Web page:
As a diagnosis approach, the flowchart is meant to use as a whole. On the one hand, the first diagnosis criteria is to screen as many autoimmune encephalitis as possible, thus high sensitivity is important for pAE criteria to reduce omission diagnostic rate. Once a patient enters the diagnosis flowchart, subsequent criteria contribute to distinguish false positive cases to lower misdiagnosis rate. On the other hand, as it shows in Fig. 1, 11 of the 54 pAE (+) cases could reach the ‘definite autoimmune’ level and 16 of the 54 pAE (+) cases reach ‘probable autoimmune’ level before antibody status is known. 27 (50%) cases can only be diagnosed by antibody tests. 10 of the 11 cases that are diagnosed as dALE also need antibody tests to determine their specific types. Because different autoantibodies may indicate different tumor types, furthermore, responses to treatment and long-term outcome seem to be different between LGI1 and anti-NMDA receptor encephalitis [11]. This may reveal the importance of antibody tests and the flowchart as a whole once again.

Analysis of the diagnostic values for each criterion

The clinical manifestations of the autoimmune encephalitis cases that we summarized are consistent with previous publications [12, 13]. For diagnosis, assessing whether a suspicious case is caused by an autoimmune mechanism is important. Using the criteria for pAE, more than 80% of the autoimmune encephalitis cases were diagnosed as possible autoimmune encephalitis. The relatively high sensitivity of this approach offers clues to clinicians and enables exploration of autoimmune aetiologies. In our series, 10 cases did not meet pAE criteria. Because anti-virus antibodies were positive in 2 cases and the remaining 8 cases presented only one of the symptoms listed in the pAE criteria [11]. Reasons for the high specificity of pAE criteria are that MRI images of CNS tumors indicate difference from autoimmune encephalitis and symptoms of epileptic disorders are merely seizures. Viral encephalitis was the most difficult to be distinguished. Certain symptoms, such as psychiatric symptoms, are not specific to autoimmune encephalitis; in 2010, a study found no significant differences between autoimmune encephalitis and viral encephalitis groups [14]. Additionally, no differences were found in age, gender, or the presence of seizures, cognitive impairment, a confused state and headache between the two groups. Moreover, for diagnosis of viral encephalitis, aetiological tests are the golden standard, however, PCR or virus cultivation is uncommon in our clinic. What’s more, the positive rate of virus antibody tests is low and positive virus antibodies do not necessarily indicate a definite viral encephalitis diagnosis.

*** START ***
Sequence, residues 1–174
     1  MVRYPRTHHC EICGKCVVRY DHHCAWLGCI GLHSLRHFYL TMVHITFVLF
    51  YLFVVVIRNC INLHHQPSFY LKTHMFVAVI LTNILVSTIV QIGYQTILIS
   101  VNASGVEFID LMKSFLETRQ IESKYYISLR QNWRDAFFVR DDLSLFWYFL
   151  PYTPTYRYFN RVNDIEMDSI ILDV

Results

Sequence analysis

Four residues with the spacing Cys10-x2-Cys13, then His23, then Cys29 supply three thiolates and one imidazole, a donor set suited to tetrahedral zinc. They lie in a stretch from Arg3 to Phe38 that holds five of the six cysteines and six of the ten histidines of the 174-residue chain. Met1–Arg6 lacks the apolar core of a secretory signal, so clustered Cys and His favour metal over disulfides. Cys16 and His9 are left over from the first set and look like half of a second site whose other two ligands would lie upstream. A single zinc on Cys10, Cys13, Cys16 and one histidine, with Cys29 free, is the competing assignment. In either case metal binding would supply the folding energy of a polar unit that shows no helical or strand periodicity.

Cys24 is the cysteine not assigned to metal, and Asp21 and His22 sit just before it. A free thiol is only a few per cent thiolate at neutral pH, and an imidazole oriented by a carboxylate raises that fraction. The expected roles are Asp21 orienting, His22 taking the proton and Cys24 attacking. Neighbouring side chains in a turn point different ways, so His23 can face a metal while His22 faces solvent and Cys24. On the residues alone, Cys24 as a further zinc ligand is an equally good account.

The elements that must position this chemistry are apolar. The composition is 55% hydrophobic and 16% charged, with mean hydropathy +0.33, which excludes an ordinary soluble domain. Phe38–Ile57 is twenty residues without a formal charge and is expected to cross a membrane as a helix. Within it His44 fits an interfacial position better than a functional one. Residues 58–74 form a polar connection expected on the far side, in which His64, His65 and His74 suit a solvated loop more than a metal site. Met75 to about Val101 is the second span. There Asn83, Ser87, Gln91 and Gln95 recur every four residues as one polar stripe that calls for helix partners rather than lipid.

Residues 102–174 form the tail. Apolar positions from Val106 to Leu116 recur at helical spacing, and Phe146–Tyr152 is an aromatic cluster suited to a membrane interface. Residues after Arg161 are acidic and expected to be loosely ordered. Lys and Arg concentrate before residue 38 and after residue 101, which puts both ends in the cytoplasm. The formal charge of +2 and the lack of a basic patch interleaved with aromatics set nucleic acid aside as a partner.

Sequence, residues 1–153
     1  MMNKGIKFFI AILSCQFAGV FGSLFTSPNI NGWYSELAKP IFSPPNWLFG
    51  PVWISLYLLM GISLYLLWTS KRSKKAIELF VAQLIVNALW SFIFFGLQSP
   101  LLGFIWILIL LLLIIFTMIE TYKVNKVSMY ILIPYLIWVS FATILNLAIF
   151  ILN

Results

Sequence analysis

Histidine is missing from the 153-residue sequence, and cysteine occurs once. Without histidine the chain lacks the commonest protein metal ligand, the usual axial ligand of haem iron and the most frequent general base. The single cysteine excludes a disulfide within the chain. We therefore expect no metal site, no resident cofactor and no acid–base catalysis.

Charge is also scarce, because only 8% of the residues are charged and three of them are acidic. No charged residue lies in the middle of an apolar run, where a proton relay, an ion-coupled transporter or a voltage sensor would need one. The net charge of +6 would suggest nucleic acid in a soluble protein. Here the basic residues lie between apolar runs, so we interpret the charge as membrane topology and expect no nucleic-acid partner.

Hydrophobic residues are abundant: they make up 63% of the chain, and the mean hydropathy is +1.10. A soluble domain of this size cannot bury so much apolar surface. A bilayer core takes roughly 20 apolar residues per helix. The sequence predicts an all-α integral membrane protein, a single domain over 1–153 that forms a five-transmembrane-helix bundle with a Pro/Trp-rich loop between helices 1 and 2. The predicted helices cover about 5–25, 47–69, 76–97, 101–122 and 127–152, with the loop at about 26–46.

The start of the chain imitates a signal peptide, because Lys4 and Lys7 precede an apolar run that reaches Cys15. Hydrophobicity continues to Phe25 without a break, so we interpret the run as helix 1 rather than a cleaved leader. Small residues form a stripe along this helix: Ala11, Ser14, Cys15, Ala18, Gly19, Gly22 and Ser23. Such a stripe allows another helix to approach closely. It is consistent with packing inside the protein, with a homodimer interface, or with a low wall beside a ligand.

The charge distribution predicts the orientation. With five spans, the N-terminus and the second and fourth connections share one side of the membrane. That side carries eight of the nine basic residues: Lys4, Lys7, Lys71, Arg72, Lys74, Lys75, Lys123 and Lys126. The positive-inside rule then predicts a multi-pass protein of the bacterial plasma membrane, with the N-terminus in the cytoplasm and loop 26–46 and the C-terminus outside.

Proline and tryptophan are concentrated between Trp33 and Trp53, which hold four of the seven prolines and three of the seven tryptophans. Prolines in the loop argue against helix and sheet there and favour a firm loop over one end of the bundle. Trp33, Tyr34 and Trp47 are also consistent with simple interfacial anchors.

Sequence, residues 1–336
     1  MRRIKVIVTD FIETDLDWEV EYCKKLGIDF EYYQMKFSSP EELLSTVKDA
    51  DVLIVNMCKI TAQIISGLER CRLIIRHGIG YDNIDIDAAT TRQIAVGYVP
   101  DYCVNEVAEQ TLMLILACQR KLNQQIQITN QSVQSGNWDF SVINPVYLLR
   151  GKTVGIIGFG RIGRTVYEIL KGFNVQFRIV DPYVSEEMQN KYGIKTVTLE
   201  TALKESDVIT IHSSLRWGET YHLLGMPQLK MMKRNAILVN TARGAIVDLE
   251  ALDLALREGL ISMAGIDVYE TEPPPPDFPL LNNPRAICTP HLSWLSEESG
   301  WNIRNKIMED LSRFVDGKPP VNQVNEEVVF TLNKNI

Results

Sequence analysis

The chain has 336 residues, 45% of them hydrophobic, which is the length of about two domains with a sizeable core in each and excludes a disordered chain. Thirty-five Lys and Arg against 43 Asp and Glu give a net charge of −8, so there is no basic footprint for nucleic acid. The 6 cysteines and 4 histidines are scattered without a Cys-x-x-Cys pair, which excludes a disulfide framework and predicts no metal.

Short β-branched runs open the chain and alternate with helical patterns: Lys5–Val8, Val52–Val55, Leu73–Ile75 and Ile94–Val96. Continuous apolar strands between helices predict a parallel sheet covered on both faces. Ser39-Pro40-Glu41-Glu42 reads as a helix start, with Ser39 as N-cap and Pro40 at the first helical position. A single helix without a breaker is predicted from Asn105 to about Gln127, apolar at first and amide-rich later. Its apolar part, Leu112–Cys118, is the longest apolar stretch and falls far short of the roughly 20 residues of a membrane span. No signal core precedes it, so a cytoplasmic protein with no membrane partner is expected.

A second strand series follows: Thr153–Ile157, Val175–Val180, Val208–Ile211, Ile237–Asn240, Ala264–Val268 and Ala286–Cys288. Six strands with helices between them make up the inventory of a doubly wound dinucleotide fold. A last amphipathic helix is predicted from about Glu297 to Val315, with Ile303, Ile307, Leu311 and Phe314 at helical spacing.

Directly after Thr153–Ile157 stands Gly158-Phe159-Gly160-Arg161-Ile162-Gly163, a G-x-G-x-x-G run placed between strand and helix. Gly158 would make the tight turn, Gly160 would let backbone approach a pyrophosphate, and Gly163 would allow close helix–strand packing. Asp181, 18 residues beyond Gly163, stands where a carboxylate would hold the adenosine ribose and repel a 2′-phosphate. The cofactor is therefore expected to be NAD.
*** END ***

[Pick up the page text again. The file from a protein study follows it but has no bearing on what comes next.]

In the new approach, the authors proposed stricter criteria for specific diseases. For definite autoimmune limbic encephalitis, bilateral involvement of the medial temporal lobes on T2-weighted fluid-attenuated inversion recovery MRI was included in the dALE criteria. Most false negative cases did not meet this new criterion, resulting in low sensitivity. For anti-NMDA receptor encephalitis, a combination of common symptoms improved the diagnostic specificity. However, a large number of patients only presented with a few (less than four) symptoms in our series, resulting in low sensitivity.

From the above analysis, we propose that the new approach criteria for pAE have high sensitivity and provide an impetus to seek autoimmune aetiology, using specific criteria with high specificity for dALE, anti-NMDARE, BBE and ‘antibody-negative but probable autoimmune encephalitis’ could decrease the misdiagnosis rate. When clinicians refer to the new approach to make a diagnosis, we highly suggest that the approach be applied as a whole step-by-step procedure rather than selecting each criterion to use in isolation.

Diagnostic values of the new approach in the early disease stage